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March 14, 1967 - Image 3

Resource type:
The Michigan Daily, 1967-03-14

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a rstar.a:t ,aaiaua:u


Sys GOP.
Reneged On
Republican Revolt in
Harlem Assists in
Effecting Dropout
NEW YORK (WP)-James Mere-
dith withdrew from the congres-
sional race against Adam Clayton
Powell yesterday, apparently be-
cause of a Republican revolt in
Harlem against him. Negro lead-
ers hailed his retirement.
Cora Walker, a GOP leader in
Harlem, said party committeemen
in Powell's 18th Congressional Dis-
trict were in revolt against Mere-
dith's candidacy on the Republi-
can ticket.
Meredith said his dead-of-night
dropout from the April 11 special
election for Powell's old Demo-
cratic House seat, resulted from SEN. THOM
the GOP reneging on promises of end of the op
money and campaign help. How- financial affa
ever, he claimed Republican lead-
ers did not pressure him to quit
the race.
'No Bad Faith' U.S.
"Frankly, I don't think there
was any bad faith," he declared.
"I think political expediency real- -Tet
ly was the order of the day."
In his Bimini retreat in the
Bahamas, Powell credited pressure
from civil rights leaders for end- . SAIGON (P
ing Meredith's political career be- scouring 100
fore it began. swamplands
l He said of Meredith's with- border in a ne
drawal: "I don't think civil rights prive the Viet
leaders would allow him to be- hold threatenir
come a white man's puppet." Command re
Return to Harlem Anything usefu
L Powell, seeking to regain the nists-homes, li
congressional seat from which he evens dogs-ist
was ousted March 1, announced Military sou
plans for a triumphant return to man enemy f
Harlem next Sunday-Palm Sun- Cambodia ahea
day. He conceded the possibility Fighting was a
he might end up in jail' for con- ficals reported
tempt of court but told a news killed in sca
conference: "It'll be a swinging One American
jail, baby." wounded, man
Even with Meredith in the run- and mines.
ning, Powell had been considered The operatic
a sure winner in the April 11 elec- 25th Division
tion for the House seat he held last Wednesda
for 22 years, before he was sus- name Waialua.
pended for alleged misuse of northern Plain
funds. that starts 30
Meredith, at the time he with- gan.
drew; lid not endorse Powell's Col. Marvin
candidacy. of a brigade in
'Stay Out' anyone living
Jackie Robinson, former base- area is presum
ball great and a Republican on Inhabitants we
Gov. Nelson A. Rockefeller's staff, to governmen
said, "In my opinion, the Repub- Fuller said wa
licans should just stay out of the chickens and
race. I don't want our party to slaughtered to
endorse Mr. Powell, though." to enemy batta
Powell currently is appealing his The new ope
ouster by the House and next Operation June
month's election took on the tone north appeare
of a crusade in Harlem, where his
suspension was looked upon as
racially inspired.
In selecting Meredith, 33, as W or
GOP candidate, Republican lead-
ers obviously hoped to capitalize
on his record as the man who
broke the color line in 1962 at the By The Ass,
University of Mississippi, and who WASHINGTC

suffered a gunshot ambush during can Newspaper
a voter registration march last last night it is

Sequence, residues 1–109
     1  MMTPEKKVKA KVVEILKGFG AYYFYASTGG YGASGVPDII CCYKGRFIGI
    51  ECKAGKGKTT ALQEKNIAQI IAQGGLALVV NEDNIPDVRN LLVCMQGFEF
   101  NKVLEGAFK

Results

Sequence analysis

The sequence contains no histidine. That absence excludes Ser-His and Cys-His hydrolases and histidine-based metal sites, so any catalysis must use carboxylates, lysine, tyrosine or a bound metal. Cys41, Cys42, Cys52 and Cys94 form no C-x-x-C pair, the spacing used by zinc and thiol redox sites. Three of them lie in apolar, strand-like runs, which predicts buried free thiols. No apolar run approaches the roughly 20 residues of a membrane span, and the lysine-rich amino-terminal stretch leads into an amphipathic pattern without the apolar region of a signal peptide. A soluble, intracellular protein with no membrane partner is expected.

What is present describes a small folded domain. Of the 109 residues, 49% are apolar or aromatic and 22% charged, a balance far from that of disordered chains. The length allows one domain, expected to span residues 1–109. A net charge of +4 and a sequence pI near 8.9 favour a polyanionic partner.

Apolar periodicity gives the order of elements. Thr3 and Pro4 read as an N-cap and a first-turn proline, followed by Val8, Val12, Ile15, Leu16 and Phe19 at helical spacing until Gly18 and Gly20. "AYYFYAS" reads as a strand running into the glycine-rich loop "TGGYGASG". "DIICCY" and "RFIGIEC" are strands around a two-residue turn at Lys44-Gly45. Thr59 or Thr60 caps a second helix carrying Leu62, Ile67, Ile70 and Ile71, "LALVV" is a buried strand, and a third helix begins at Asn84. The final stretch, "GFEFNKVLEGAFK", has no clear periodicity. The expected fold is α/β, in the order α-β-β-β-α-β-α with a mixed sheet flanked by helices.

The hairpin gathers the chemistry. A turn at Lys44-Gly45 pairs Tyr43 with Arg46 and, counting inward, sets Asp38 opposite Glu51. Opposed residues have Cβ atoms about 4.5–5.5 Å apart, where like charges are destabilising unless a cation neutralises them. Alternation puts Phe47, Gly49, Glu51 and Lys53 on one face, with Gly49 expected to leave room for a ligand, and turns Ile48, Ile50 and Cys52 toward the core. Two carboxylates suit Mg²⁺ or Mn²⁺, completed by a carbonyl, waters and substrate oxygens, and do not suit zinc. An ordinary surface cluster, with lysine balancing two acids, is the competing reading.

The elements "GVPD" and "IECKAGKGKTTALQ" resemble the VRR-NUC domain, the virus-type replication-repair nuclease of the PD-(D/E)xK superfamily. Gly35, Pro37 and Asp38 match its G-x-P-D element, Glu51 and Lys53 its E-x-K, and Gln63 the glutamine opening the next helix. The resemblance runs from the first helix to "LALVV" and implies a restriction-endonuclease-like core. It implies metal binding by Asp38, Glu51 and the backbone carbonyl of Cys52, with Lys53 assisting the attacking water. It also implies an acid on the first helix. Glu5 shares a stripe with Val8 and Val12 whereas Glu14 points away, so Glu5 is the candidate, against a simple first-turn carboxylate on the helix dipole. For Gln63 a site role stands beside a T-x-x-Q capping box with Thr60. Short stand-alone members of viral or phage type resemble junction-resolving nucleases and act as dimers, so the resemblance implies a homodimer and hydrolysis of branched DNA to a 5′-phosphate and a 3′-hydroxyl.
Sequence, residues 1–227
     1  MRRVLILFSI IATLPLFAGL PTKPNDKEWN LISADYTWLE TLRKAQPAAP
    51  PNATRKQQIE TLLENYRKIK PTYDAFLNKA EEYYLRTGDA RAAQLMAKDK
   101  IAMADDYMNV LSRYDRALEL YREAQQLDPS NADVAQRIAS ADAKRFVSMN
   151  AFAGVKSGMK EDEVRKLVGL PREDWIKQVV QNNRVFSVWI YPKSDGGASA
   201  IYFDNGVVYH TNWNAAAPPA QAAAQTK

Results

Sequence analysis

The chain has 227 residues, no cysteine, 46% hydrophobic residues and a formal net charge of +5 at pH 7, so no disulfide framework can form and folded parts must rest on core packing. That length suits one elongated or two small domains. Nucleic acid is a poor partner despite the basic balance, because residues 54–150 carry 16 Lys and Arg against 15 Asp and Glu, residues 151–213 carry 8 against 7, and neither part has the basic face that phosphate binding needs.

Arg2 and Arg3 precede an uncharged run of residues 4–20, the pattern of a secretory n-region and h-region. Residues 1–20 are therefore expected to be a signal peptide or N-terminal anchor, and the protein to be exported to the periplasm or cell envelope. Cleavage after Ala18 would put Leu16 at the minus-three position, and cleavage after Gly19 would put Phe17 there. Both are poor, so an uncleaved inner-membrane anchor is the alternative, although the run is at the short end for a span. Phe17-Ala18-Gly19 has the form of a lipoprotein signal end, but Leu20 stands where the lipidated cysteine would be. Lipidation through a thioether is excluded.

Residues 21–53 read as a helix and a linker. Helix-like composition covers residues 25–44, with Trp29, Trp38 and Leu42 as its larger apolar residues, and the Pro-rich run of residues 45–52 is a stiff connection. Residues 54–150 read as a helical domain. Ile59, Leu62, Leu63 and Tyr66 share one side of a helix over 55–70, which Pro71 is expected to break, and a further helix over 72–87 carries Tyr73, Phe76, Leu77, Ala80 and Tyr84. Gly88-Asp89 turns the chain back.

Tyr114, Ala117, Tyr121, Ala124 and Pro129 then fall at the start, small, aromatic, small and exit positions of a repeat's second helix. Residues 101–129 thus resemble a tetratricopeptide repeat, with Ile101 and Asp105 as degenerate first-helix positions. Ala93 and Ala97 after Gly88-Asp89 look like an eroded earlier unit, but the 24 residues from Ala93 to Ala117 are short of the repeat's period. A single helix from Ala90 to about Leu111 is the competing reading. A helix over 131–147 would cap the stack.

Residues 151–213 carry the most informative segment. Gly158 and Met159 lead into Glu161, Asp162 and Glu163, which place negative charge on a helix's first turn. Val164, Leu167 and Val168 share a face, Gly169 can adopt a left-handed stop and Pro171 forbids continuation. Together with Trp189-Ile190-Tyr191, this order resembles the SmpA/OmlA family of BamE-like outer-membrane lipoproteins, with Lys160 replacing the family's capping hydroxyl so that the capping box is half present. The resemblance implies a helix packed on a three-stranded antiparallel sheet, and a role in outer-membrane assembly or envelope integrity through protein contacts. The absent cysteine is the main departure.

year in' his native. Mississippi. with foundation
No Support nanced its, inter
However, since the announce- with funds repo:
ment last Tuesday of his candi- supplied secret]
dacy, not a single Negro political Intelligence Agee
leader, Harlem spokesman or civil But the guild',
rights figure had come to Mere- ecutive board sa
dith's support. He had conceded gram" cannot be
he might have to face "the fear will seek money
and the scorn from fellow Ne- b r i v a t e or
groes." sources, until t.
Among other things, Meredith tion can act on
was called by his opponents "a
carpetbagger from Mississippi." BALTIMORE,
He called himself an independent er at St. Johns
registered Democrat. said yesterday
Meredith moved his wife and effective solutic
six-year-old son into an upper to nullify the b
Manhattan apartment - outside the RH blood fa
Harlem - when he entered Co-
lumbia University Law School over WASHINGTC
a year ago. figures showed 3

for Ho





Gaullists Pull PROBE CONTINU
Slim Lead in Dodd Adn
'French Vote Used for
Corsican Seat Throws WASHINGTON ()-Sen. Tho-
One-Vote Margin mas J. Dodd acknowledged yester-a
day that $150,785.29 from a series.
To Presidential Party of fund-raising events went into
PARIS (1--A disputed seat on his personal bank accounts-al-
A though a former aide quoted the
the island of Corsica was put in embattled Democrat as saying he
the Gaullist column yesterday, expected no more than a gold
giving supporters of President watch.
Charles de Gaulle a one-vote ma- Dodd also acknowledged that
ority in the National Assembly. oney from his Senate campaign
The announcement, after a day bank account was used in part
of vote counting, confirmed what to pay Congressional Country,
the Gaullists and the minister of Club charges, Senate restaurant
interior had been saying all along, bills and parking tickets.I
that the seat was theirs. He conceded that funds pro-
The contested seat is in Bastia, duced by testimonial dinners help
where election incidents marred to pay for liquor, football ticketsE
voting and ballot tabulation. One and improvements to his North
ballot box was seized Sunday and Stonington, Conn., home.I
hurled over a cliff to the sea. It These items were among thou-
caught on a rock and was re- sands tabulated in a 162-page book
trieved. Another box containing of points upon which Dodd and
absentee ballots was emptied and the Senate Ethics Committee
its contents torn to confetti. In agreed.
one precinct there were 1,400 bal- The document was read in the
lots in the box-but only 1.200 record as the committee began
voters on the list. its public inquiry into Dodd's fi-
Incumbent Deputy nancial affairs.
J e a n Zuccarelli, incumbent The web of figures and expense
Deputy is a member of the non- accounts was neither tabulated
Communist Federation of the Left, nor evaluated. Nor was it possible
whose chief, Francois Mitterrand, to determine quickly how much of